(ABC News: Clare Sibthorpe) By Clare Sibthorpe
January 21, 2018 08:40:01
Sarah Wicken endures the heat because she likes making children smile.
(ABC News: Clare Sibthorpe)
Ms Wicken — a primary school teacher — and her husband Carl, have been delivering ice-cream to suburban Canberra almost every summer day for the past 12 years.”My husband grew up in England and there was an ice-cream truck on every corner, but when he moved to Australia he was amazed there were so few around,” she said. And while it might be less common to spot a colourful van or little tuktuk loudly travelling city streets, they are still popular at public events and on the coast.Ms Wicken does not intend to stop making children smile anytime soon, and encourages others to give the job a try.”I definitely hope these vans will be around forever,” she said.”I hope my grandchildren will have them — I’ll have to train mine up.” (ABC News: Clare Sibthorpe)
Asked why she believed more ice-cream van drivers were throwing in the gloves and cups, she said it was because it was becoming an increasingly hard business to profit from.”You definitely don’t go through enough stock to last the year, it’s quite expensive to run,” Ms Wicken said.”I also think people can’t cope with the long days and going to every street… you make a lot more at events.”In an increasingly cashless society, it also doesn’t help that fewer people have spare change lying around and she doesn’t accept eftpos due to sporadic reception. Sometimes I have to chuck ice down my back to help keep cool.”History traces back to Mr WhippyThe first and trend-setting ice-cream truck company in Australia was Mr Whippy, which came from the United Kingdom in 1962.It started in the streets of Sydney but was quickly popular in most other cities. In the 1970s the company sold the last of its vans. Photo:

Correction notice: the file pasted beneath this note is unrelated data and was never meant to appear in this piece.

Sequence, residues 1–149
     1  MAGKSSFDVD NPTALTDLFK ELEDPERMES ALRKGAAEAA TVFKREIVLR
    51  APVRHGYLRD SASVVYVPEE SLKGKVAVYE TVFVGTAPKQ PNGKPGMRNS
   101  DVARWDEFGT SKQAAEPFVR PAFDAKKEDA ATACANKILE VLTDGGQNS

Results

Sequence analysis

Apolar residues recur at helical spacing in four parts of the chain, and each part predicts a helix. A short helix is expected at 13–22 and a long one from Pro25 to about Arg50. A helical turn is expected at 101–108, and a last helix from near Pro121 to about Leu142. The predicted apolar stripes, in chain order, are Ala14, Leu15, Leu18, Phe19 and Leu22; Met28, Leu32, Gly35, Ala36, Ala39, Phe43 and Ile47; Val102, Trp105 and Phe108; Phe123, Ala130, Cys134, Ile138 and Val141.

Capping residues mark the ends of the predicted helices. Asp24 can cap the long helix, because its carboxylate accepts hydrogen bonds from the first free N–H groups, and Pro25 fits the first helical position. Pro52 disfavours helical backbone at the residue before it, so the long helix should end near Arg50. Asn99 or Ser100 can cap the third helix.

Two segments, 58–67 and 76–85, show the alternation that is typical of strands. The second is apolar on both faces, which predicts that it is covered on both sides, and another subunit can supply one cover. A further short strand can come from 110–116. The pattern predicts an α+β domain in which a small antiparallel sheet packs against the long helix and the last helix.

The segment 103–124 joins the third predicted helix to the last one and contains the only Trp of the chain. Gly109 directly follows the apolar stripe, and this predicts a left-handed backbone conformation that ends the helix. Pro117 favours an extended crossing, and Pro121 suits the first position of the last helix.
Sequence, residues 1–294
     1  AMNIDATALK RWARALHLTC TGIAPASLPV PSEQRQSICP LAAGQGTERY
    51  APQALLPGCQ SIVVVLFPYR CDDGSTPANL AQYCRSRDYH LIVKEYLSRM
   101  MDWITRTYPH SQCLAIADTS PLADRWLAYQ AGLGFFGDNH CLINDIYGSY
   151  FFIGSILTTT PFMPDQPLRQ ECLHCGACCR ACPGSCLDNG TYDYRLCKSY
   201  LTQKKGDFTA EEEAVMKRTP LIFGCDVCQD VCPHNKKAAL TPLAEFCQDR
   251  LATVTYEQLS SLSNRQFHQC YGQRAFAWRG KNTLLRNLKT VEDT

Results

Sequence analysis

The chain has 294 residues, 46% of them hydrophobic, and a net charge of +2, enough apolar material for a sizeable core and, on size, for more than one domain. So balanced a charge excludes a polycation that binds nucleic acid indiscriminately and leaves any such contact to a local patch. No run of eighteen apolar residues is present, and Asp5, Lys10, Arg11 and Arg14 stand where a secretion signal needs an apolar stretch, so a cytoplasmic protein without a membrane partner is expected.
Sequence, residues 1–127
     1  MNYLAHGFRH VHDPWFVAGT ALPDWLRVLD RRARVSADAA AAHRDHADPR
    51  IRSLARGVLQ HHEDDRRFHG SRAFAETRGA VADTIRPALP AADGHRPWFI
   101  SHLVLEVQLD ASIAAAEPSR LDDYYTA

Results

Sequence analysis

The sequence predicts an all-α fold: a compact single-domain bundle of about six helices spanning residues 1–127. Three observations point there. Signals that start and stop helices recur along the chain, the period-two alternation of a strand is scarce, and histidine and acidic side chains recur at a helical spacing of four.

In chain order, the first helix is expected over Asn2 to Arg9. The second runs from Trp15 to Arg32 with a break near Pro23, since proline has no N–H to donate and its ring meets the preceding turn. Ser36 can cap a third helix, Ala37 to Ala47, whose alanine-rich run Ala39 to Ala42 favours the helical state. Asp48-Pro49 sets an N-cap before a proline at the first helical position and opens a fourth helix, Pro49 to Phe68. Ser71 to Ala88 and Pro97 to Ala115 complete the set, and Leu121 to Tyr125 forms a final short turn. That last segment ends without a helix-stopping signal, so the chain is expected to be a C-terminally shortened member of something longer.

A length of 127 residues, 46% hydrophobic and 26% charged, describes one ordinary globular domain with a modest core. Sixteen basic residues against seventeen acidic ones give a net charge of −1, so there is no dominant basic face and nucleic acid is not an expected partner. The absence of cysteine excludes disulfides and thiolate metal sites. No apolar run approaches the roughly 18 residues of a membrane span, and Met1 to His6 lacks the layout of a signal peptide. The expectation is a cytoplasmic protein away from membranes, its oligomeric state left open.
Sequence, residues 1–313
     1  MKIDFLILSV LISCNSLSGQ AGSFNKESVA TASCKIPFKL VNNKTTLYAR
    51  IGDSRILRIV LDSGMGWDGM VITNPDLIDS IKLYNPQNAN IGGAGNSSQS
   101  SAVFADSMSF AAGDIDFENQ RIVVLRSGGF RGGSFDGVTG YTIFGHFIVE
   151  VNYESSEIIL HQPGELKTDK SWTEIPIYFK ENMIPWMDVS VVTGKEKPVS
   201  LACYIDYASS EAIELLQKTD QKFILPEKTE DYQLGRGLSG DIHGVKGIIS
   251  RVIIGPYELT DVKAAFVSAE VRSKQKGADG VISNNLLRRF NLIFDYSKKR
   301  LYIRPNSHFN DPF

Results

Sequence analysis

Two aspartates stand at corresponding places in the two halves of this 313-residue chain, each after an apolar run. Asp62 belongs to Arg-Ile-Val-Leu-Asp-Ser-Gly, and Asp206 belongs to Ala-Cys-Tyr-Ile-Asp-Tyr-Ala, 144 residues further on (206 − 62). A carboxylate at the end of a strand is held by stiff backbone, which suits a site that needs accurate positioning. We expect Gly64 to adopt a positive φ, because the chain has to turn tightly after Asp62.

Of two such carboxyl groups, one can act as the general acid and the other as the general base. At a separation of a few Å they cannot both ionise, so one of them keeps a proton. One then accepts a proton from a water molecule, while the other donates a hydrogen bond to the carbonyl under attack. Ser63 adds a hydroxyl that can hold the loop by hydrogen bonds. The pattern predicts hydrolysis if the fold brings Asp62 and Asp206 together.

Sarah and Carl say the ice-cream truck business isn’t easy — but it’s worth it. “He said, ‘I’m going to get an ice-cream truck’ — and I didn’t believe him, but off he went.”The couple are on a mission to keep alive a tradition they worry is at risk of dying out.”When we get new customers many say they haven’t had one [an ice-cream from a van] in 20 years,” she said.”We are trying to make it a part of people’s lives again… it’s such an icon.”
‘Cool Penguin’ has been cooling Canberra children down for 12 years. Copping 50 degrees Celsius temperatures inside an ice-cream van, listening to the same jingle on repeat and spending eight sweltering hours cooling others down is not how many people want to spend a hot summer’s day.But one thing makes it all worthwhile for Canberrans Sarah and Carl Wicken.”When you turn the corner and kids are jumping up and down so excited, it’s really good,” Ms Wicken said.”I do a suburb a day and I try and do every street— I feel bad if even one child misses out.”
The ice-cream line was long on this scorching day. (ABC News: Clare Sibthorpe)
But thanks to the many loyal customers who have been buying ice-creams from the family for more than a decade, they make enough money to keep serving Canberrans.Although, she admits it takes some self-motivating to roll out of bed on a string of days above 35-degree like this week — especially considering the van’s air-conditioning has been playing up for weeks.”It would get to 50 degrees inside the van, maybe more,” she said.”Sometimes I feel like I’m going to pass out to be honest. Photo:
Sarah Wicken says she’s only aware of one other ice-cream truck company in Canberra. It returned under different owners over the years, most recently being taken over by a food company in 2015.But few of the original vehicles exist today.